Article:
Adobe Flash Player is required to play the Boise Voices audio. You can download it free at
Boise Voices

Boise Voices

Oral History Project

Doris Tindall

1923, Emanuel Hospital (0:13)

Doris Tindall

    Audio Links

    Audio Titles

    Text of Audio Links

    • For the record, will you please tell us your full name?

      Doris Olive Tindall

      What year were you born, and where were you born?

      1923, in Emanuel Hospital.

    • Where did your father work?

      Well, In Portland he worked in the railroad yards in the blacksmith shop and then during the Depression he worked at Public Works Projects. And then his last job was a custodian down at the Multnomah Hotel, Downtown.

      Did your mother have a job outside of the home or do volunteer work?

      Well she did not work until the depression and then she was a seamstress and she worked altering clothes for one of the dress shops, Grason's, downtown, during the war.

      Could you tell me more about that?

      Well, it was, fact of the matter, when she first started out, they needed somebody to mend sheets for the YWCA, and she went and did that and met another lady there that did the altering, which she really liked altering clothes. Which was hard for me to understand, why any body would enjoy tearing things apart and putting em back together. But, that's what she liked to do.

      Can you please describe your mother in her best dress?

      My mother? Because it's so special to me, it was a black velvet dress. When she started going to the dances, and I got my first job working at a grocery store on Comercial and Failing, and the money I got from it, I bought velvet with it so she could have a formal dress to wear to the dances.

    • What do you remember about this neighborhood?

      Well, I worked in the grocery store and had a real good friend and met her by accident. in those days we didn't have telephones. Well I went down to the store to see if I could use their phone and found out the girl in there was the girl I'd been in first grade with at Woodlawn School. And then both of us had moved away. And we met back again at the grocery store. And both of us have been friends ever since.

      Where was that grocery store located at?

      The corner of Commercial and Failing. It's now the park.

      The interesting thing about that grocery store, as compared to the ones you have now. When you went into a grocery store there was a counter and you walked up to it, and you'd tell them you wanted a box of Rice Krispies. Well you had to go back and get it in the back of the store and they'd bring it out to you. Like getting dried beans or rice, we'd have to back into hundred pound sacks of it and sack up two pounds of rice or two pounds of beans. And then you'd want a pound of butter so you'd get in a cold case that they had and you'd get out a pound of butter. You put all these things together and then you'd add em up. It wasn't big enough to have the big fancy baskets they have now, just ones you carried on your arm. So it was real different than what it is now.

      What were the countries of origin of the people in your neighborhood when you were growing up?

      Well there were Polish and Finnish people that I particularly remember waiting on in the store.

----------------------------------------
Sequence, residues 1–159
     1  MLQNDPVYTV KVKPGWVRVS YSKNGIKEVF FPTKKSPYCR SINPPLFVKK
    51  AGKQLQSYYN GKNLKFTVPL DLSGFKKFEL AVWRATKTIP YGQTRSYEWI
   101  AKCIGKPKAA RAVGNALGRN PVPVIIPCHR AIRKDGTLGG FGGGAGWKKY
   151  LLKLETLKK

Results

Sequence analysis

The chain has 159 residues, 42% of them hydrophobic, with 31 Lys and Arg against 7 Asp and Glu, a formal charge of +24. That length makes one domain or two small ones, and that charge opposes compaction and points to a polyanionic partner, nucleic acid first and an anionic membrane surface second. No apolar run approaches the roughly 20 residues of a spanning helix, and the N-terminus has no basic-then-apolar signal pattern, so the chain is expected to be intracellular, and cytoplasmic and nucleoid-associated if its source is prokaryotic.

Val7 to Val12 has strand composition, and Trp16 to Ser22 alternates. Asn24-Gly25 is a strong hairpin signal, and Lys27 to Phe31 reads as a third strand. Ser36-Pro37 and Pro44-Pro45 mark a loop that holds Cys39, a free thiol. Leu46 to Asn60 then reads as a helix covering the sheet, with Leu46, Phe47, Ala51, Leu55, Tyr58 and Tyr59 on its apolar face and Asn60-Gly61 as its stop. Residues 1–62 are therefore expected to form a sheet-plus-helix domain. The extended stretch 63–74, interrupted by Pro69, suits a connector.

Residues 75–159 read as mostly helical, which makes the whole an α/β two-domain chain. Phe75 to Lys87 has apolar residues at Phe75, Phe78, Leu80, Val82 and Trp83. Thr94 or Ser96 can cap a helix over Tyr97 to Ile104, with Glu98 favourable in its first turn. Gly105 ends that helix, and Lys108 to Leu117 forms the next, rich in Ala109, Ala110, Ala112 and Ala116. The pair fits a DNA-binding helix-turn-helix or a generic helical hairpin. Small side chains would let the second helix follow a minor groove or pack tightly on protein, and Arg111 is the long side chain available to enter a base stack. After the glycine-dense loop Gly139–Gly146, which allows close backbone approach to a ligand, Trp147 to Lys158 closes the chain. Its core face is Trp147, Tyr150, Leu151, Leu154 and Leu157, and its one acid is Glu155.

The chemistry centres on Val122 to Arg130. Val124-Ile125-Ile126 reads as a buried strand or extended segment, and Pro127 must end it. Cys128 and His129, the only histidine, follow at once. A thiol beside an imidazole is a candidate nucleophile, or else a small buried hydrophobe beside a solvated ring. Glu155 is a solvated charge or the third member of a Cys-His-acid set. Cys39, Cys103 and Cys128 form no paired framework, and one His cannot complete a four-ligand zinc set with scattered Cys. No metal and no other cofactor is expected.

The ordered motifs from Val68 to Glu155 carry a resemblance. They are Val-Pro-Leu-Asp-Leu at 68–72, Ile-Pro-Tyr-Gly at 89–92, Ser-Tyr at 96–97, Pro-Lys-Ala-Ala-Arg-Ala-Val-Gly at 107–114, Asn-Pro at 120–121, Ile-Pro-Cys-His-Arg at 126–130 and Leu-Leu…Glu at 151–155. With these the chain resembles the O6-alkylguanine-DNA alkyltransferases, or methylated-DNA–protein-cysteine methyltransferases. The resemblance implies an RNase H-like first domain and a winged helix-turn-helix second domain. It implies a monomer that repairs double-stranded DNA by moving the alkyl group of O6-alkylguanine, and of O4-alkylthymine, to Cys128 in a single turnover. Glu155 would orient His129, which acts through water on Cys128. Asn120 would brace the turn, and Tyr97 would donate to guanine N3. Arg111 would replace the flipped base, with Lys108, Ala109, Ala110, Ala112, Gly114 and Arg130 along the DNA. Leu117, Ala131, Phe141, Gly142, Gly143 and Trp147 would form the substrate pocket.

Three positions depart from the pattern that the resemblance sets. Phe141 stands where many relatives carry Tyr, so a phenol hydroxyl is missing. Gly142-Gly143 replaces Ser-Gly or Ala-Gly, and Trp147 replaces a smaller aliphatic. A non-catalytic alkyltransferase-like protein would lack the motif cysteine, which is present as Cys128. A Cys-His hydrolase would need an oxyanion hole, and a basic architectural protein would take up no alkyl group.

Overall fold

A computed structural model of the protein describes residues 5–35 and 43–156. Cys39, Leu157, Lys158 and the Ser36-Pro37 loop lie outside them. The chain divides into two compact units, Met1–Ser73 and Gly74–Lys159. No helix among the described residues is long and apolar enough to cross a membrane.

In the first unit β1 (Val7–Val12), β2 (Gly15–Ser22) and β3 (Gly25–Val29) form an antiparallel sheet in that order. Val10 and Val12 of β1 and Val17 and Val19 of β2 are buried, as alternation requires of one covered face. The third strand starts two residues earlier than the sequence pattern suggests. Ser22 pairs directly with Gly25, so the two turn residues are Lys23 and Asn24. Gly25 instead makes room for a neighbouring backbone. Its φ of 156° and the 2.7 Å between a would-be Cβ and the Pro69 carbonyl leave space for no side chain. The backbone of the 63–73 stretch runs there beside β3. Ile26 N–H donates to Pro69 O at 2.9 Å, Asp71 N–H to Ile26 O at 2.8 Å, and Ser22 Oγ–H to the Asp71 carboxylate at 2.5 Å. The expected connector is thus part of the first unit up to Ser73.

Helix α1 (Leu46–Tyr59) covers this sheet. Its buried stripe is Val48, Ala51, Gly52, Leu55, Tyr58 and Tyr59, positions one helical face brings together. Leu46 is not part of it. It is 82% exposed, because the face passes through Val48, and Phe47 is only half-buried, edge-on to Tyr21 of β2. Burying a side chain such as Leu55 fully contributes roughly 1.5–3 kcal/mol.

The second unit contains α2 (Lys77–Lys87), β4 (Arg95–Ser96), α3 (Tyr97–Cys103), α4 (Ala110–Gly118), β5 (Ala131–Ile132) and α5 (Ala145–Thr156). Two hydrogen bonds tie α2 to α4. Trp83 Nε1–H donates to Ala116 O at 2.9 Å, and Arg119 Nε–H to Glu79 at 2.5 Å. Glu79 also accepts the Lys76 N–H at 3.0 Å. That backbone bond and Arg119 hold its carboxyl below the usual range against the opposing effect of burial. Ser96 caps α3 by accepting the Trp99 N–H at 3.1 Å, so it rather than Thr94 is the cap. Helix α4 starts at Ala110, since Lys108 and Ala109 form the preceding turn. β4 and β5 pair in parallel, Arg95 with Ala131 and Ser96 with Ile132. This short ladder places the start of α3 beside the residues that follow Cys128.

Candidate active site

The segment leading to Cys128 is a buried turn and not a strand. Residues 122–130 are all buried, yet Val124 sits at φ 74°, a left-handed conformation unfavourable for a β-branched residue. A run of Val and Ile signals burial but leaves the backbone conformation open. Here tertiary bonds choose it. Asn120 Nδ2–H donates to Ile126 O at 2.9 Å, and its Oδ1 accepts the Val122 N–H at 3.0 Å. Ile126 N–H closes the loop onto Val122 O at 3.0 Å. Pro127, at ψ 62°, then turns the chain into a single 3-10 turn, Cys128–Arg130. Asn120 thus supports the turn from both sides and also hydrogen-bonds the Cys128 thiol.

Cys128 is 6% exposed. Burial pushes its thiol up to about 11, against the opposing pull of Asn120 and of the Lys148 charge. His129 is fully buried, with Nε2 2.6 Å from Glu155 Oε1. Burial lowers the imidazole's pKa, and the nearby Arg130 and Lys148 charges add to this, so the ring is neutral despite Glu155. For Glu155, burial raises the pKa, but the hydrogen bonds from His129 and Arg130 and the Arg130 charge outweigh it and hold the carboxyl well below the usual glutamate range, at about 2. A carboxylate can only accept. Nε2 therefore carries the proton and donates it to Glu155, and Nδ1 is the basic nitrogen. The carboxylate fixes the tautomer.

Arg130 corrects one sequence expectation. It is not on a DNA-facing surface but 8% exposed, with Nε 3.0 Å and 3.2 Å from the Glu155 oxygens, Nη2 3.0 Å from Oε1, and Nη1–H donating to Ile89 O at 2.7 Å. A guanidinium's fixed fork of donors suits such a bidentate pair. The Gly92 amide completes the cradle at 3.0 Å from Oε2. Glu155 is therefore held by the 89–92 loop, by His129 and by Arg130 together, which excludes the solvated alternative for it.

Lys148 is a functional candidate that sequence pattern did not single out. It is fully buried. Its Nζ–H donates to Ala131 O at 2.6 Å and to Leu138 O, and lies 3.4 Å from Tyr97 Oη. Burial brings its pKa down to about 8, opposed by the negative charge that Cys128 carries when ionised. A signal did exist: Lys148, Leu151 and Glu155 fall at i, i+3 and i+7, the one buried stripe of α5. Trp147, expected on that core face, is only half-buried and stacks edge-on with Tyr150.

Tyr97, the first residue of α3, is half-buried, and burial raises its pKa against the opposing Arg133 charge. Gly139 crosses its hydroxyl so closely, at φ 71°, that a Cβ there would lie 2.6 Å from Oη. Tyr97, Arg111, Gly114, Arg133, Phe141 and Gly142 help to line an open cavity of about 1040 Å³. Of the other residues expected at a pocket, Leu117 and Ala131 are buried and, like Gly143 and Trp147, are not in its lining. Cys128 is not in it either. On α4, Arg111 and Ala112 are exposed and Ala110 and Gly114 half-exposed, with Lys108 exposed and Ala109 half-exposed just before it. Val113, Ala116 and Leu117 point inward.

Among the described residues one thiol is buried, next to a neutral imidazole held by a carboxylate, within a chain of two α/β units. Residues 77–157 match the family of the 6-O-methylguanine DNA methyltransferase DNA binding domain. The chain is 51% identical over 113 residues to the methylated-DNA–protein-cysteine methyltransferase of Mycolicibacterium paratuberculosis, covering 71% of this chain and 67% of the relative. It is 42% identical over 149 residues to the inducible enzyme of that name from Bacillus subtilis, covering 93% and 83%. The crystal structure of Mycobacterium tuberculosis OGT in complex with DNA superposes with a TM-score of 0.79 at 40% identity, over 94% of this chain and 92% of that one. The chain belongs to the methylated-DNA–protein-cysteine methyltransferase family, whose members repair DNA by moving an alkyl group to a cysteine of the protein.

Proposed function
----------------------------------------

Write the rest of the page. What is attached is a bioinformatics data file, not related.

Do you remember any of the shops along Mississippi Avenue or Williams Avenue?

      Oh yes, yes. They had a movie house, that I think was the Rio Theatre, I believe. and then there was a dry goods store, we'd go in there and trade. And then I sang in the Pilgrim Congregational Church, and we used to stop and Phipps's and have Lime Rickies after choir practice, on the way home. (laughs)

      What is a Lime Rickie?

      Well it's a soda pop.


      When we were little we had Kirby Street had kind of a tar finish on it. It was real smooth. And we used to like to come down there to roller skate and that was in the 30s.

    • What do you remember about World War Two?

      Well it was quite a momentous occasion and when I turned 20 I joined the Marine Corps and was in the Marine Corps for 26 months. Schooling was in North Carolina, Camp La June. And then I served in El Centro, California, at the air strip there.

      When I first got there, they didn't have the airport finished and so they didn't have lights. So they would have night flights that they would practice with these fighter planes and so you had to take smudge pots, which are pots that are filled with Kerosene, and they have a wick in them, like a big, well a candle so to speak. And you'd go by and light those at night when they were going to have flights. And then when they were all over, then you had a rag that was probably 3 feet long, like an old towel, something like that. And you would drive along in a jeep, and one would drive an the other would sit in the passenger's seat. And you'd go by these smudge pots and smack the wick to put them out. Sometimes you'd do that a couple times during the week cause they would do them and then they'd take off and fly and be gone. So it was kind of at whoever was putting out these flights. That's when you had to work, is when they needed the lights on the airstrips.

      Could you please tell me more about that?

      It was rather interesting in that I was sent to school for a mechanics school for about six months, then transferred to El Centro and worked on a flight line where you fuel fighters, but that didn't last very long cause the men started coming back from overseas and when they came back for the jobs then they'd take over those jobs and you'd move on to the less essential ones. So then I ended up working in, well it was like a soda fountain would be now.

    • Can you tell me about the dances at "Ancy Club"?

      Amici Club. Yeah, that's a funny name. It means "friends". And it had started out with just young couples in a home. There were just two or three couples. Then they had more friends they wanted to invite so then they rented a hall that was down on Shaver. Then they could invite more people, and then they got to charge so much, but it was a very small amount of money, 25 cents for a couple. This was during the Depression. And looking at some of the records, it tells about having them come and set up the food for the intermission of the dances. And that would be their admission, so they wouldn't have to pay for the admission.